Tips For Traveling With Chronic Illness

Traveling is stressful for anyone. Making sure you get everything in your bags. Even though you know you will inevitably leave something at home. Usually something that’s important. Even after making multiple very, very, detailed lists that were supposed to help prevent that. But we can just blame that on lupus fog right?

It’s a tricky thing, vacations, we want to get away but we risk going into a flare from the stress of packing. The stress of the travel days don't matter if you are flying or driving. Or just being away from home and your "normal." So what can we do to hopefully avoid a flare? Let’s take a look.

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Organize your medications

We’ve talked about medications in another article so we won’t touch on that much. But you always want to take your medications in their original bottles. Not just mixed in with other meds. You should also take more than you plan to need. Because you never know if you could end up staying longer than planned. Or get delayed by the airlines.

Wear a medical bracelet

Moving on, you should always travel with a medical alert bracelet. It should show your most important diagnoses. As well as a phone number of someone that can be called in an emergency situation. But those bracelets can only show so much. If you're like me you would need about 25 bracelets going up your arm to get everything. That’s not practical.

Keep a list of your conditions and treatment

It is important that you carry something with you while traveling, not necessarily on your body, that lists out your health issues. As well a list of all your current medications, including OTC meds, their dose, route, and frequency. If you don’t travel it is just a good thing to keep in your glove box.

Bring a travel companion who understands

Another thing we can do to try and make traveling “easier” is to travel with people who "get it." I know this isn’t always an option. But we all know those people in our family or friend group who say they understand. But it’s VERY clear they don’t.

Those people will inevitably make the trip hard for us. By making comments about us slowing down the group, or needing frequent breaks, or saying things about how our issues are all "in our head." Causing unnecessary stress and possibly a flare. So try to leave them at home if possible.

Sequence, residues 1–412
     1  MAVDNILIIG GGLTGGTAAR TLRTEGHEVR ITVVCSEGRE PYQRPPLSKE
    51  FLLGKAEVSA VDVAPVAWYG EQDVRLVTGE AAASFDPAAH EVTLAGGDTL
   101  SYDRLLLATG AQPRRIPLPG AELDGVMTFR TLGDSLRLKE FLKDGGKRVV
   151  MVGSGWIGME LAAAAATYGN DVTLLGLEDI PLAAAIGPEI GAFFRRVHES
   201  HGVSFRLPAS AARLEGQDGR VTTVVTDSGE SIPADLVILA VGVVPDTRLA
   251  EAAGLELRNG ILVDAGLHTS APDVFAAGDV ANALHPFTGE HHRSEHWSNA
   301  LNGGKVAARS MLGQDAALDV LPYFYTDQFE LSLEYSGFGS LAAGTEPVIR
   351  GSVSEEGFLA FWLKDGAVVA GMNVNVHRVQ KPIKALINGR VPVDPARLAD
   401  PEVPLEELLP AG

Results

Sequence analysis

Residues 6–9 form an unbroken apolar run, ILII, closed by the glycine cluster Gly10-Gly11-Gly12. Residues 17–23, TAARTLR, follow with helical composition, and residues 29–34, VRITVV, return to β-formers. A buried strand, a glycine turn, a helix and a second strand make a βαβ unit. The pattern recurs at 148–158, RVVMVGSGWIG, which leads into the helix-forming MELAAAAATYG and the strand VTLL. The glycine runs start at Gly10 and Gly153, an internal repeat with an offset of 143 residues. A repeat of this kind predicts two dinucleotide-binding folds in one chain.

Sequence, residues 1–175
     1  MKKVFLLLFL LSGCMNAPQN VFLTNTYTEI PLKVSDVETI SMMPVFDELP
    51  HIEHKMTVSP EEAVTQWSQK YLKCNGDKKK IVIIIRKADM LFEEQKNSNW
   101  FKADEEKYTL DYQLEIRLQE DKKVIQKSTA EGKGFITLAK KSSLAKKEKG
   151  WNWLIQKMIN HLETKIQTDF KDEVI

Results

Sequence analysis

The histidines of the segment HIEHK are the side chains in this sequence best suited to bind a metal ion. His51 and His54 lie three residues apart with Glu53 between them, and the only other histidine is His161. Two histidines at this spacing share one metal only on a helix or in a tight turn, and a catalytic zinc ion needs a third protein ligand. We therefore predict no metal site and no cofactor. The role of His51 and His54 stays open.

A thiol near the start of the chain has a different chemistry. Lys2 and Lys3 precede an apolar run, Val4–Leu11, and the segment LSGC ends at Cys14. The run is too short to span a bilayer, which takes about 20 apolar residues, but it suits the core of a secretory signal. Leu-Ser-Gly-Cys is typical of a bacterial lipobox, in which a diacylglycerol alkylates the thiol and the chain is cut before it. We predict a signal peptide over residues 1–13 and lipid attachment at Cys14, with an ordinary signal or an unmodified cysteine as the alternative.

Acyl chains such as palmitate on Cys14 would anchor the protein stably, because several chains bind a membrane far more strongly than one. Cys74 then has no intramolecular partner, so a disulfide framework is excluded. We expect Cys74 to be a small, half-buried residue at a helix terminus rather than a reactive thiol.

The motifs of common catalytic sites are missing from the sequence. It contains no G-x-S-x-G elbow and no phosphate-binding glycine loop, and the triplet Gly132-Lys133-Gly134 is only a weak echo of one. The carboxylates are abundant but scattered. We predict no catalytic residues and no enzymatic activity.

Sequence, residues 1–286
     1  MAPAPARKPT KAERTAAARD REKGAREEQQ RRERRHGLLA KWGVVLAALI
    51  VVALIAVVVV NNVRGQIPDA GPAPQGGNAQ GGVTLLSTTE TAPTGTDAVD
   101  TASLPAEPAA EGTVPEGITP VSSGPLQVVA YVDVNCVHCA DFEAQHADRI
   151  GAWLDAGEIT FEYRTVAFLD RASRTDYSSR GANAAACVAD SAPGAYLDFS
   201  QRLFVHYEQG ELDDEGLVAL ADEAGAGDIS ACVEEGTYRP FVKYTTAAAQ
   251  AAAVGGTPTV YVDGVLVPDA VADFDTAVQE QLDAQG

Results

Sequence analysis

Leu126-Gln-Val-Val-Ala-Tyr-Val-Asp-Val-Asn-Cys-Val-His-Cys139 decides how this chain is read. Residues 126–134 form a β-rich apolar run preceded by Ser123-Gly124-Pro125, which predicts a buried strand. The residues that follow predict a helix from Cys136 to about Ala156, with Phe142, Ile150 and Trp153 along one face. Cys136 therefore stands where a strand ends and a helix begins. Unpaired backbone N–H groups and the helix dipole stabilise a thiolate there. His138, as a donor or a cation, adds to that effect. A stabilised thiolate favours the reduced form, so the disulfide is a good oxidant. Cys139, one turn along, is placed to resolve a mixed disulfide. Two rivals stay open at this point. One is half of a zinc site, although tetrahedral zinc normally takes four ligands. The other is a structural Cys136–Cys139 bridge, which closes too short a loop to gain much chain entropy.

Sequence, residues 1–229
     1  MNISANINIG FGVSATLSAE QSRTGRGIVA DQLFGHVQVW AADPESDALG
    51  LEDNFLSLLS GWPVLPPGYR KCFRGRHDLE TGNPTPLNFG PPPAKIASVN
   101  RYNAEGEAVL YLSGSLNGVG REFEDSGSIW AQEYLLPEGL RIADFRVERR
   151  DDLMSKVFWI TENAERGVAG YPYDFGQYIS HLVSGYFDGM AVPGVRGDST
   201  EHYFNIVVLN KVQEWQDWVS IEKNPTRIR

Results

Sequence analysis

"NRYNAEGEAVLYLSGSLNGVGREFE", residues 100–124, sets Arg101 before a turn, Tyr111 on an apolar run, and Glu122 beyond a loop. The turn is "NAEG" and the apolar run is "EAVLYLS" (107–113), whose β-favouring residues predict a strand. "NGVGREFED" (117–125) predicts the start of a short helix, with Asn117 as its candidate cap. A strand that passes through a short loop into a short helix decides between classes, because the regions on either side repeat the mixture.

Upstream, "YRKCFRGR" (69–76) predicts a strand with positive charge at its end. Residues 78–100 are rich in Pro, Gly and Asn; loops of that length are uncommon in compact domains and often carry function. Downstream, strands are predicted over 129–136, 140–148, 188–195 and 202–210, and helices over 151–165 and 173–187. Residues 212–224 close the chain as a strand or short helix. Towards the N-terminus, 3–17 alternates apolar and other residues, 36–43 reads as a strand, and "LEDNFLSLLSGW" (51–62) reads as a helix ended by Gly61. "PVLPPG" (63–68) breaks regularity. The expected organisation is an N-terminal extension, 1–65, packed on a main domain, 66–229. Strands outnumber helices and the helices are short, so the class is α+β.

Pack sunscreen

Sunscreen is a MUST. Most of us are so sun sensitive that we should be wearing at least facial sunscreen every single day. While you're out in the sun it’s important to read the bottles and know how often you need to reapply, and if that is different if you’ve been in the water. When you are in the sun/ heat you need to be listening to your body. Drinking lots of fluids and taking breaks to get out of the sun.

Hydrate and rest

The sun is a flare trigger for many. Which makes vacations hard since you can’t do all the normal vacation things in the middle of the night. So when you are in the sun really be cautious of how you are feeling and how much water you are drinking. You need to be drinking as much or more than you do at home to avoid dehydration. Adding electrolytes packets or drinking Gatorade and such can help. But you always need to check with your doctor before drinking them.

While you’re stopping for water you might as well stop and take a rest. Or even if you aren’t stopping for water and need a rest. TAKE IT! You feeling like you need to stop and sit in the shade at the theme park. Or like you need to go home and take a nap is totally fine. You never need to apologize for taking care of your body. You only have one and if you don’t take care of it, who will?

It may take a lot of planning, lots of naps, and frustration but we can go on vacation. We don’t have to hide year round!

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This article represents the opinions, thoughts, and experiences of the author; none of this content has been paid for by any advertiser. The team does not recommend or endorse any products or treatments discussed herein. Learn more about how we maintain editorial integrity here.

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